Filing bankruptcy may not solve your SBA loan default problems. Aside from other financial considerations, the government may still be able to offset against your assets.
The Bankruptcy Code preserves a creditor’s right to setoff. Section 553(a) of the Bankruptcy Code provides:
Except as otherwise provided in this section and sections 362 and 363 of this title, this title does not affect any right of a creditor to offset a mutual debt owing by such creditor to the debtor that arose before the commencement of the case under this title against a claim of such creditor against the debtor that arose before the commencement of the case.
Setoff requires mutuality in that the indebtedness must be between the same parties. For bankruptcy purposes, this generally requires that both debts (i.e., the debt owed by the debtor and the debt owed to the debtor) fall on the same side of the bankruptcy line (i.e., on the same side of the timeline marked by the filing of the petition). That is, with some exceptions, both debts must be prepetition or both debts must be postpetition. Creditors with prepetition setoff rights have a secured claim under section 506(a)(1) of the Bankruptcy Code.
Federal agencies are authorized to intercept certain federal payments to collect delinquent debt owed to the United States. This includes the authority to offset tax overpayments for debts owed to the United States. This applies only to tax refunds for years before the debtor filed for bankruptcy protection. Offsets for postpetition years are not allowed, unless the debtor owes postpetition debts to the United States.
For a creditor to have setoff rights both the obligation of the creditor to the debtor and the debtor’s obligation to the creditor must arise prior to the petition date. While the most common example of when both obligations would arise prepetition in the federal debt collection context is when the debtor has made overpayments of federal tax in the year preceding its bankruptcy filing, there are other circumstances where an obligation of the United States may arise prior to the petition date. For example, certain portions of a federal salary payment may have accrued to the debtor prior to the petition date, and to the extent the debtor owed the United States a federal debt prior to the petition date, the United States would have setoff rights with regard to those portions of the federal salary payment. The same would be true for retirement payments, vendor payments, and tort payments, to the extent the right to those payments arose prior to the petition date. To the extent a creditor agency is aware of a federal payment to which the debtor is entitled, the agency should analyze whether its setoff rights have been preserved by the Bankruptcy Code.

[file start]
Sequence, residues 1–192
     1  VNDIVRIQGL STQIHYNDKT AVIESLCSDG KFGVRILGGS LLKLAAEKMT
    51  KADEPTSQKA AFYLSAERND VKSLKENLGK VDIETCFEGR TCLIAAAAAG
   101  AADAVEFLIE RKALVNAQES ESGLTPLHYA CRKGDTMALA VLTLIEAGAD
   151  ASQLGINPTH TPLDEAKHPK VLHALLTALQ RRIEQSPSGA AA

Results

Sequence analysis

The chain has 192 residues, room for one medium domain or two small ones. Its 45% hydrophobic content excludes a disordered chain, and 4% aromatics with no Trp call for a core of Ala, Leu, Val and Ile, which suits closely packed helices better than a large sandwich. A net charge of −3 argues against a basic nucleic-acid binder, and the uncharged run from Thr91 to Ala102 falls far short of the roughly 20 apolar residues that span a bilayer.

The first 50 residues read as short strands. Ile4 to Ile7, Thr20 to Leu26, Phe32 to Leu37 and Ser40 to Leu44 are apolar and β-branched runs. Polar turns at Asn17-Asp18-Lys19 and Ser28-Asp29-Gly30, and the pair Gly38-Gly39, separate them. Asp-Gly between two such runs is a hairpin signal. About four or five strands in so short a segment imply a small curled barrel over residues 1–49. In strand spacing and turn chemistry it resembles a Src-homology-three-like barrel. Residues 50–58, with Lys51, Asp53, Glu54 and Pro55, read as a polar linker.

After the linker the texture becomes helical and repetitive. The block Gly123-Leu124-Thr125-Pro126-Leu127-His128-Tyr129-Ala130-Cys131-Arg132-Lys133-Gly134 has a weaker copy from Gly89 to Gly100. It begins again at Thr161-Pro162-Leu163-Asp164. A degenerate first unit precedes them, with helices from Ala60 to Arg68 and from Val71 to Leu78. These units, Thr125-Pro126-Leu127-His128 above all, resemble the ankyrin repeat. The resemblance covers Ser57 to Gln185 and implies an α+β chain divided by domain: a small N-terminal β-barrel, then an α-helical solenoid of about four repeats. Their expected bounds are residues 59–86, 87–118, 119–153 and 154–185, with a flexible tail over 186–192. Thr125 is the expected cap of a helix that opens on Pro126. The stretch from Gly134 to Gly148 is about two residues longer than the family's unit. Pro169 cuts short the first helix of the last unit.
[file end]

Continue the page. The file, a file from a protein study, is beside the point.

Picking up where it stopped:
If you are facing an SBA loan default, contact Protect Law Group today at www.sba-attorneys.com or 1-888-756-9969 to schedule your initial consultation.